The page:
Analogy with the new moon of Dhu’l-Hijjah. Shaykh al-Islam said: I have never known of any one who said that the one who sees it should stand by himself [in ‘Arafah] in exclusion of the other pilgrims, or offer his sacrifice or stone Jamrat al-‘Aqabah or exit ihram in exclusion of the other pilgrims. What difference is there between the hilaal of Ramadaan and the hilaal of Dhu’l-Hijjah? How come he may act on the basis of his own sighting and differ from the main body of Muslims in Ramadan, and not act on the basis of his own sighting with regard to the hilaal of Dhu’l-Hijjah? 

3.

The hadeeth: “The fast is the day you fast, the breaking of the fast is the day you break the fast, and sacrifice is the day you offer your sacrifice.” Narrated by al-Tirmidhi (697); classed as saheeh by al-Albaani in Silsilat al-Ahaadeeth al-Saheehah, 244. What the hadeeth means is that the fast, the breaking of the fast and the sacrifice should be done with the main body of the Muslims, and no one should act on his own with regard to any of that. Hence Imam Ahmad said, according to one report from him: One should fast with the ruler and the main body of the Muslims. The Hand (i.e., support) of Allaah is with the jamaa’ah (main body of Muslims). 

This evidence offers strong support for the view favoured by the Shaykh (may Allah have mercy on him).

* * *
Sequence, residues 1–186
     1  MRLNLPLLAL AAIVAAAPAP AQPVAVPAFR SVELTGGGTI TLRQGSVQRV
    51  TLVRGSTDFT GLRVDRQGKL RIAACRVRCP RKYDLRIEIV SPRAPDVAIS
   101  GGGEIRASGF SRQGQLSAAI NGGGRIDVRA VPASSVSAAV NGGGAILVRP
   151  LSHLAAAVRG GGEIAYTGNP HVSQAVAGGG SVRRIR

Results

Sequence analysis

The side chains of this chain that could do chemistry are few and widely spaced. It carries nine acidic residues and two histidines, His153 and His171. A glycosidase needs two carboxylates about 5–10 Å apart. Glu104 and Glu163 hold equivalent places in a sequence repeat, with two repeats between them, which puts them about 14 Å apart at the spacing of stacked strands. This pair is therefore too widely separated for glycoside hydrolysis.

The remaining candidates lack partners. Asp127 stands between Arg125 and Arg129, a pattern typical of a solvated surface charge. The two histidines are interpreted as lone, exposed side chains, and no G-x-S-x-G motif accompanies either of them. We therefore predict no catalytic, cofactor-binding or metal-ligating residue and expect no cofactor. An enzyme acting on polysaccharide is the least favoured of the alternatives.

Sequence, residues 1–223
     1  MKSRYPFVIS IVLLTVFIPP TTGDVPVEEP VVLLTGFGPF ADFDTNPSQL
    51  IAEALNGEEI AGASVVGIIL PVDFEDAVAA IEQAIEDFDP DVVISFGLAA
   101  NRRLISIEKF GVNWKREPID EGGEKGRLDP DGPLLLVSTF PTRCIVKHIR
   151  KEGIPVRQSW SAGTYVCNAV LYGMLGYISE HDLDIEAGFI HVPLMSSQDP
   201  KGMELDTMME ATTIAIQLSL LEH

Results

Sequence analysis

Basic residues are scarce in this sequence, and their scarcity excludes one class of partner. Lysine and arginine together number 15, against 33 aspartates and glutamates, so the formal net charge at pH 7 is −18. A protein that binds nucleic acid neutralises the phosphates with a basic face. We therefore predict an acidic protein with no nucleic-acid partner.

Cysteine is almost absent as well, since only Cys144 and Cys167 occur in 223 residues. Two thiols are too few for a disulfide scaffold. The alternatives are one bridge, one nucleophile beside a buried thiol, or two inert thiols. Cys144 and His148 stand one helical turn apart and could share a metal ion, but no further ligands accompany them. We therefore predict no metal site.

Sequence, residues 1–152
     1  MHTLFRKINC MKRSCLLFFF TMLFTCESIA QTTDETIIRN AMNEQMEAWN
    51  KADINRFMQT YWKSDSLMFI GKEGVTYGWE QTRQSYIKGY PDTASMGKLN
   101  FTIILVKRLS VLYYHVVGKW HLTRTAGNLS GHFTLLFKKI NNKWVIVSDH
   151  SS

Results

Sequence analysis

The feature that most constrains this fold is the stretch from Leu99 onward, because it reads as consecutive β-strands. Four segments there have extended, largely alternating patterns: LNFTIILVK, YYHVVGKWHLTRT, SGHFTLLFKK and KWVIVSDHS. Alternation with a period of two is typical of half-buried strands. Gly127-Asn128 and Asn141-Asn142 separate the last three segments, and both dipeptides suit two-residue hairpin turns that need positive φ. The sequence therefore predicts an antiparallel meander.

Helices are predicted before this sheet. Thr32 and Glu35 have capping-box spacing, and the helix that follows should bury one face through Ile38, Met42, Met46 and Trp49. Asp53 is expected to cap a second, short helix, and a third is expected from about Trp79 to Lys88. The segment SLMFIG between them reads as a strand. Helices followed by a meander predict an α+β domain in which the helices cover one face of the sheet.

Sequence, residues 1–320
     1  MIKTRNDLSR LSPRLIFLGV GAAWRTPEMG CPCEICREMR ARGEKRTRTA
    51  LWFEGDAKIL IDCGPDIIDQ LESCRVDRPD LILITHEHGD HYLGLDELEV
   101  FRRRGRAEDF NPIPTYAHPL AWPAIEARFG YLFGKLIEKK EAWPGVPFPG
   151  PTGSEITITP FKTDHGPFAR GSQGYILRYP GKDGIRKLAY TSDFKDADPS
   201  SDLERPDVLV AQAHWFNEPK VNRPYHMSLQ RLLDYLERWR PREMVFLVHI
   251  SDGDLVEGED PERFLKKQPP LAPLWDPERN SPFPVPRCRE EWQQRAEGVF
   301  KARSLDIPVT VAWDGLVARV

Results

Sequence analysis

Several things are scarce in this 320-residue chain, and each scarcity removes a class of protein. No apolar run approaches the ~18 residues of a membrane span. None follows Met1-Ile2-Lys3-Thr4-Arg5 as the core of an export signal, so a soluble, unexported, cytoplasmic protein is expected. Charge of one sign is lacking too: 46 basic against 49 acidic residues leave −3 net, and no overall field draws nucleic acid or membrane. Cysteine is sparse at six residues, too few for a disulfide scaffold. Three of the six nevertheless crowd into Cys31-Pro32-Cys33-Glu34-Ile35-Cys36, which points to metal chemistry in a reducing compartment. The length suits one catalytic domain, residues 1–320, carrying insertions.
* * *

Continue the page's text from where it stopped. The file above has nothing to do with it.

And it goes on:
See: Majmoo’ Fataawa Ibn Taymiyah (25/109-118). 

Secondly: 

Undoubtedly this issue is one of those that are subject to ijtihaad and the scholars differed concerning it. What is required of the Muslim who is able to examine issues and find out which is more sound on the basis of evidence is to act upon that which he believes to be more sound. 

If you do not feel comfortable with the evidence mentioned above, and you think that the opinion of those who say that the one who sights the new moon of Ramadan on his own should fast is more correct, then you have to act upon that which is more correct in your view. 

Shaykh Ibn ‘Uthaymeen (may Allah have mercy on him) said: If a person is certain that the month has begun because he has sighted the new moon, but he was not able to inform the sharee’ah court, does he have to fast? 

He replied: The scholars differed concerning that. Some of them said that he does not have to fast. That is based on the view that hilaal is a noun referring to the day when the people decide the beginning of the month and that shahr refers to that which becomes well-known among them. 

And some of them say that he does have to fast, because the hilaal is that which is seen after the setting of the sun, whether it becomes well known among the people or not. 

What appears to me to be the case is if a person sees it and is certain of seeing it, but he is in a remote place where no one else sees it with him, or no one else came out with him to sight it, then he has to fast, because of the general meaning of the words of Allah (interpretation of the meaning): “So whoever of you sights (the crescent on the first night of) the month (of Ramadan i.e. is present at his home), he must observe Sawm (fasts)” [al-Baqarah 2:185], and because the Prophet (blessings and peace of Allah be upon him) said: “ If you see it, then fast.” But if he is in a city and he testifies to that in a court but his testimony is not accepted, then in this case he should fast secretly, so that he does not openly differ from the people. End quote from Majmoo’ Fataawa al-Shaykh Ibn ‘Uthaymeen, 19/74 

And Allah knows best.